Lake Guyon

Lake Guyon is a stunning long slender High Country lake with a high number of small stream inlets. It does not see a huge number of visitors so often makes for a peaceful days fishing. Fish numbers are fairly healthy however they are mostly small at around 1.75lb to 2lb browns with a few similar sized rainbows for good measure. Large fish have been reported however I have not seen any myself on the two occasions I have fished this lake. The entire lake perimeter can be walked and fished however some wading or navigating around bush sections is required. The entire loop is around 5km and offers a great days fishing. A calm still day can provide some great sight fishing opportunities from any side of the lake.




The north end of Lake Guyon

This is the first end you come to when coming in via Mailing Pass. Almost the entire stretch has a long shallow extended shelf made up of both weed and silty patches. The silty patches make great spotting boards for patrolling fish. This entire stretch can be walked and fished with good elevation for spotting on calm days however with basically no cover to hide from patrolling trout you need to keep a low profile to go undetected. The outlet at the western side attracts the most action.

Lake Guyon outlet

The east side of Lake Guyon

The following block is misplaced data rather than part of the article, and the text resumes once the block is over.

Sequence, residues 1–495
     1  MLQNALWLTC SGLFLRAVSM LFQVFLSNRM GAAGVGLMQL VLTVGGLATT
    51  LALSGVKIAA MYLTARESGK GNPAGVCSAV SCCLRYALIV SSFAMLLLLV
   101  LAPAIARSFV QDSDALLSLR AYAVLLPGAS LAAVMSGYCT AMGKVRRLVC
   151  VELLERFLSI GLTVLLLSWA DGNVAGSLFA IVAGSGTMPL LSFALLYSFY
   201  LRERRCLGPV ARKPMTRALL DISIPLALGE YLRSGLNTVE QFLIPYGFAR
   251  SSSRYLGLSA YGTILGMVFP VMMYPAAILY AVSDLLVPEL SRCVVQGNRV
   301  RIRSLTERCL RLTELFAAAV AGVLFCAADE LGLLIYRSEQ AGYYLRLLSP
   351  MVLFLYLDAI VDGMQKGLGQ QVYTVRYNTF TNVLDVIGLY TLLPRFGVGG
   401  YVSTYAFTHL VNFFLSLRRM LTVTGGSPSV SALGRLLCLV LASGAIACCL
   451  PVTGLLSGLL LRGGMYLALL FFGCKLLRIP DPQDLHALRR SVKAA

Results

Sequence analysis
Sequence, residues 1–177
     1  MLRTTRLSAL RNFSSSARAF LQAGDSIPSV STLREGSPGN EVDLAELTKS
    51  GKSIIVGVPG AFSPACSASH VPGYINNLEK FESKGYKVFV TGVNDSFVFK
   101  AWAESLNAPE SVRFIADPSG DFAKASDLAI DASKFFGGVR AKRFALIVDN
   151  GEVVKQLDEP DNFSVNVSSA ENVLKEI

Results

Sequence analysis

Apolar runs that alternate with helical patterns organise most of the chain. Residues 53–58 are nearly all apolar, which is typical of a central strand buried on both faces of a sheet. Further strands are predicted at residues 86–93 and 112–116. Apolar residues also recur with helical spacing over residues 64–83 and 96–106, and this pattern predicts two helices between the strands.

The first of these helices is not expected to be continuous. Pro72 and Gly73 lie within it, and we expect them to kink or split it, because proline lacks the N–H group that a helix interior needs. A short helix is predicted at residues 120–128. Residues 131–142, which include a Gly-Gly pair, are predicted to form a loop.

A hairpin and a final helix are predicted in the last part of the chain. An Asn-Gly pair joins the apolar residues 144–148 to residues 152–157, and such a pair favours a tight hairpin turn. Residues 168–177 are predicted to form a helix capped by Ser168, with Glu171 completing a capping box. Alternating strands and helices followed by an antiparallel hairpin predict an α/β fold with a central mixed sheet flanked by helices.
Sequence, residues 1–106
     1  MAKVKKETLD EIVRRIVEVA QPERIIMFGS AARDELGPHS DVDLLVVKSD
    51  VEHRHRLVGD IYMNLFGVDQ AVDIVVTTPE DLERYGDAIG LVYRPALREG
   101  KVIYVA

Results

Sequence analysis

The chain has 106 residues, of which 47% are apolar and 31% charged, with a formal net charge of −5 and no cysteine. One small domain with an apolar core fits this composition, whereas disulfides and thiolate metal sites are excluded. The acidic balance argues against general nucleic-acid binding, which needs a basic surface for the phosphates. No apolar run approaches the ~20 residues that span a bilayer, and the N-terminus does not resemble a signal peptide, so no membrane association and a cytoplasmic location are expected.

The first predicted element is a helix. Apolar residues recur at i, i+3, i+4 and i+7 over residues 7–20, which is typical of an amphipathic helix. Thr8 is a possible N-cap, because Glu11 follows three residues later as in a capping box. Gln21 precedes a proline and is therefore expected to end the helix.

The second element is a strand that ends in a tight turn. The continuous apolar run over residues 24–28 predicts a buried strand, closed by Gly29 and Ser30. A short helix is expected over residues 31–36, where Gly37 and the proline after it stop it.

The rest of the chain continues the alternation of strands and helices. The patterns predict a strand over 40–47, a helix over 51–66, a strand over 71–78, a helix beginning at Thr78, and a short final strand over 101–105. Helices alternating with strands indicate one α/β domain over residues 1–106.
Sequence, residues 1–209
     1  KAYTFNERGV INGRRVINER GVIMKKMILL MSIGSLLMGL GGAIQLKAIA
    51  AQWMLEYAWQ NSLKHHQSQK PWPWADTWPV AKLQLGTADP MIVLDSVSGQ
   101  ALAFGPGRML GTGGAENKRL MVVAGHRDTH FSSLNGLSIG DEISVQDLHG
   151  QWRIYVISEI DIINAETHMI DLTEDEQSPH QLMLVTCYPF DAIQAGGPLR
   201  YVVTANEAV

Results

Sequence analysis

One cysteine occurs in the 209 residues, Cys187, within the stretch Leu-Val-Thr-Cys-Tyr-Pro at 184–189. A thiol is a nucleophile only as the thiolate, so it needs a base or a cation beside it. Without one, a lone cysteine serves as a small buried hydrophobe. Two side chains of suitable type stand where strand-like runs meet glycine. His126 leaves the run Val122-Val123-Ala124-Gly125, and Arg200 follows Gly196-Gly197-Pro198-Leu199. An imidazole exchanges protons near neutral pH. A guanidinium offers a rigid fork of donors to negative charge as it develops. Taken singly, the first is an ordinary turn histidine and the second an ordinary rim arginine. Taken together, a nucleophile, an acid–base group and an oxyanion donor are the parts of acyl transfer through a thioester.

This side has a 4X4 track running the entire length. Good portions can be fished without obstruction however many sections force you to wade the shallows to ovoid overhanging foliage. The majority has a stable rocky/stony mid-length drop-off, some sections have thick weed that fish instantly dive for when hooked and can be lost.

The south end of Lake Guyon

This is an open stony shoreline that can be surprisingly productive for such a short stretch. True to many claims from others, in norwest winds the fish actively patrol this stretch looking for churned up food and can be spotted coming in very close to shore, it makes for fun fishing in windy conditions. This side also has a healthy weedbed and fish will often bury themselves in it when hooked.

The west side of Lake Guyon

This side is the most heavily clad and can make fly fishing tricky in some spots. A good portion of the southern end of this stretch has an abrupt deep drop-off over rocks and boulders with overhanging trees however the majority can be approached in some manner. A non-official walking track runs the entire length however you will have to take to the water and shoreline in many sections as the track is too far up the bank for spotting or casting. Many fallen trees are present at the water's edge often making the successful landing of a fish a bit of a scramble when trying to steer them away tearing into them for an escape.

The walking track

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Author of this article: ADVGD(366)